Looming bad weather and a fear that electricity may be out for days is worrying Canterbury farmers in the wake of this morning's quake.

A release from Federated Farmers just issued said that electricity is now the major concern for domestic water and farm operations - now that it is clear there were only minimal reports of injury.

"While reports are still coming in, it seems North Canterbury between Dunsandel and the Waimakariri River has suffered the brunt of damage in the rural sector," said Neil Stott, Federated Farmers North Canterbury provincial president.

"Farmers were currently checking essential farm infrastructure, said Stott. His dairy chairperson, Kieran Stone, had received reports "of damage near Burnham involving a vat and reports of damage to a milking platform."

There had also been damage to grain silos in the Darfield area.

Of growing concern to farmers was a MetService weather warning that had been issued for Sunday evening - especially since power may not be restored to rural areas for up to two days.

WeatherWatch.co.nz said strong winds would increase during the day, with severe gales gusting to 130km/h possible later in the day.

MetService is also watching the storm, issuing a severe gale warning for the city predicting winds averaging 65km/h (gale force) with gusts to 130km/h.

"Winds of that speed can be damaging and with many buildings extensively damaged it could cause a major headache for emergency services," a spokesman said.

Canterbury electricity supplier Orion is confident that 90% of Christchurch city will have power restored by nightfall, says spokesman Roger Sutton.

He says rural areas will take longer, but the company is currently assessing how much damage has been done outside main centres.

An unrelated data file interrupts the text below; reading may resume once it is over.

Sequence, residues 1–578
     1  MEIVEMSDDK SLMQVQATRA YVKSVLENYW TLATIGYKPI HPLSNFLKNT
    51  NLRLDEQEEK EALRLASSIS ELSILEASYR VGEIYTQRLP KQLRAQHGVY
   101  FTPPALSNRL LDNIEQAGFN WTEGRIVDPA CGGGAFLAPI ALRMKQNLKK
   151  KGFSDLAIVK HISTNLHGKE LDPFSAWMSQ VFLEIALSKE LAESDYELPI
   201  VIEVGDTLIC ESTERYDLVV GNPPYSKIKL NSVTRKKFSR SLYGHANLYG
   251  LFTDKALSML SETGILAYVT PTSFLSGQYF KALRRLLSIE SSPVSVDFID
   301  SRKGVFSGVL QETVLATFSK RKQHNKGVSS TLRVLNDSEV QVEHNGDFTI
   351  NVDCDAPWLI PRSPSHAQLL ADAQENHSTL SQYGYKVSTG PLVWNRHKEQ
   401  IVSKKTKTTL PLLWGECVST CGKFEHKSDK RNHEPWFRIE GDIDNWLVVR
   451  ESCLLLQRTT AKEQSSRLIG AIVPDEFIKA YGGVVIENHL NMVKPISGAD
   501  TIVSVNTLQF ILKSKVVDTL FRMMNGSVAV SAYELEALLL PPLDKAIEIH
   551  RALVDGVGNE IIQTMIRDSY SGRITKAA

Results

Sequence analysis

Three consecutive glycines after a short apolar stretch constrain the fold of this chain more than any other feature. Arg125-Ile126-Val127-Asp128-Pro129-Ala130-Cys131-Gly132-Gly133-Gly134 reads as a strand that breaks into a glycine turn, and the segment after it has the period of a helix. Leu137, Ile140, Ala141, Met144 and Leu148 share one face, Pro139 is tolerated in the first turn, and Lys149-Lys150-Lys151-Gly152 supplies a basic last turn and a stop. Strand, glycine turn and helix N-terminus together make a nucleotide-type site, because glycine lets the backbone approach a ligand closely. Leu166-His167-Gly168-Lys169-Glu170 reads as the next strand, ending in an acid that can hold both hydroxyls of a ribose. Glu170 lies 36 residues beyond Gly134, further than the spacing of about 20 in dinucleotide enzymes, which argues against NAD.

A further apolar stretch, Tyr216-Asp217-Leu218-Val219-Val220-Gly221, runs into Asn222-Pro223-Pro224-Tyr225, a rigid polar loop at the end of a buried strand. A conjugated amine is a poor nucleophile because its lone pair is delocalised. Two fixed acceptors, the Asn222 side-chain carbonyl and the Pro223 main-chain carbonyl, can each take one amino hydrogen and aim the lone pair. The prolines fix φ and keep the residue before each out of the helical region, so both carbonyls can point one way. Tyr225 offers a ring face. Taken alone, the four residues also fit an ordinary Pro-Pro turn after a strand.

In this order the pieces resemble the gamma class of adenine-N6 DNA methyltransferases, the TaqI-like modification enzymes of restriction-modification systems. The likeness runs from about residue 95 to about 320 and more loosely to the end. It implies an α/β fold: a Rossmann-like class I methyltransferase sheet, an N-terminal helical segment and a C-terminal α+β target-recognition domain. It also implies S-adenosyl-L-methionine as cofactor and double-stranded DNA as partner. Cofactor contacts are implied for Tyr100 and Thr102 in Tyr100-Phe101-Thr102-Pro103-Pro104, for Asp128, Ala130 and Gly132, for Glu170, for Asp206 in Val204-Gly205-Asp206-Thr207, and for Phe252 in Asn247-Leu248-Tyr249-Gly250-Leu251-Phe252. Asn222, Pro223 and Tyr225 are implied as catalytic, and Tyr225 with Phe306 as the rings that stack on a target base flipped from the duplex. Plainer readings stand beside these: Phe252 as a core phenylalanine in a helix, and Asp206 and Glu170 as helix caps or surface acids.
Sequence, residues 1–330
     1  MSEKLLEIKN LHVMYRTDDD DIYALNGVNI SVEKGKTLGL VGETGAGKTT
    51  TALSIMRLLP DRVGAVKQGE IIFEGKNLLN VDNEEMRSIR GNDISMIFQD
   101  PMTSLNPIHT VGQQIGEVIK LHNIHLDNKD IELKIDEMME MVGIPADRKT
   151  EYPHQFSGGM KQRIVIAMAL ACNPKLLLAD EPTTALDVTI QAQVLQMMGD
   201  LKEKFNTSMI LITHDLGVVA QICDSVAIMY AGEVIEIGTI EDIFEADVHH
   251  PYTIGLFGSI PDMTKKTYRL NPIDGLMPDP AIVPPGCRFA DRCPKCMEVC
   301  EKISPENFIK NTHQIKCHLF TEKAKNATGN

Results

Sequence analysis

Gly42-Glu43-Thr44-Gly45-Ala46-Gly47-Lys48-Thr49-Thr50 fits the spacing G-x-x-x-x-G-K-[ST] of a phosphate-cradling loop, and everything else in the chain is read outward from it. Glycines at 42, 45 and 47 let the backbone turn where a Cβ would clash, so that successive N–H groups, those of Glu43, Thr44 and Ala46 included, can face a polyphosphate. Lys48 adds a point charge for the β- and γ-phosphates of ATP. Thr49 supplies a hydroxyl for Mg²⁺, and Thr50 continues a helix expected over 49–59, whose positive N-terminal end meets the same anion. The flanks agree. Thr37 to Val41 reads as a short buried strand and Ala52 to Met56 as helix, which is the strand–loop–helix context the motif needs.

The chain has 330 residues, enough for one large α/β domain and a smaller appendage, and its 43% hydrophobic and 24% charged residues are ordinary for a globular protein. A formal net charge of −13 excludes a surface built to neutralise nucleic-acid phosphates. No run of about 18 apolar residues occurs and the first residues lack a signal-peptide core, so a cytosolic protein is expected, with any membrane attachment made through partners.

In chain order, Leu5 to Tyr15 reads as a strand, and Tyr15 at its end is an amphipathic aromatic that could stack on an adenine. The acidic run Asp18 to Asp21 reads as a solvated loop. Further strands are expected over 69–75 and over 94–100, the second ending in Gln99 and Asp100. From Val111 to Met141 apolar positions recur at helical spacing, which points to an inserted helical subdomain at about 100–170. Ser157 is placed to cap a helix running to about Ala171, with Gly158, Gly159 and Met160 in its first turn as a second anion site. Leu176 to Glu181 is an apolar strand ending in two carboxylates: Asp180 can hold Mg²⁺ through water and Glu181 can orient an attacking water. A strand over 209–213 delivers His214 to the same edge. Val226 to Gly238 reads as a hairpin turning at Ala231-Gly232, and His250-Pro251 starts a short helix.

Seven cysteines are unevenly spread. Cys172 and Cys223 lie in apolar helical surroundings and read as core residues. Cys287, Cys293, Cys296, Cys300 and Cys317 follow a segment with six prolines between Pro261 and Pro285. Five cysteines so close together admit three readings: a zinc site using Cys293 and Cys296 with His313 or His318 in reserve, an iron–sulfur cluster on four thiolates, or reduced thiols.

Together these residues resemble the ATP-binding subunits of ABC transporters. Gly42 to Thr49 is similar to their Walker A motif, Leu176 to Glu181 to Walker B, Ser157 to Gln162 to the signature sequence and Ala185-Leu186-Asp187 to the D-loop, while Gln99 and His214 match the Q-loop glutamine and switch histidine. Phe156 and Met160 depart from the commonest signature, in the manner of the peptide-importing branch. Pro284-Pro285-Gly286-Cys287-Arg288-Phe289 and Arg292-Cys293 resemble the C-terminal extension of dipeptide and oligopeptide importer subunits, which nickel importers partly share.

He advises those whose houses have been damaged to turn power off at the mains.

Neil Stott said that a number of farmers had invested in backup generators but these were "a short-term fix".

"The welfare of livestock will now be of prime concern to farmers and we appreciate the offers now coming in from fellow farmers," said Stott.

"We would like to join officials in requesting that mobile phone use be restricted to essential calls. Farmers will be trying to arrange for generators and essential repairs.

A power outage at the Synlait dairy factory meant "jammed lines needed to be cleared" but the power was now back on there.

"Some Synlait suppliers have reported structural damage to milking platforms and are arranging alternate milking options with neighbouring farmers," said Stott

"Synlait is also diverting some supply, around four tankers, to New Zealand Dairies under an agreement it has with that company.

It was clear that a "number of skilled tradespeople" would be needed in rural areas over the next few weeks, said Stott.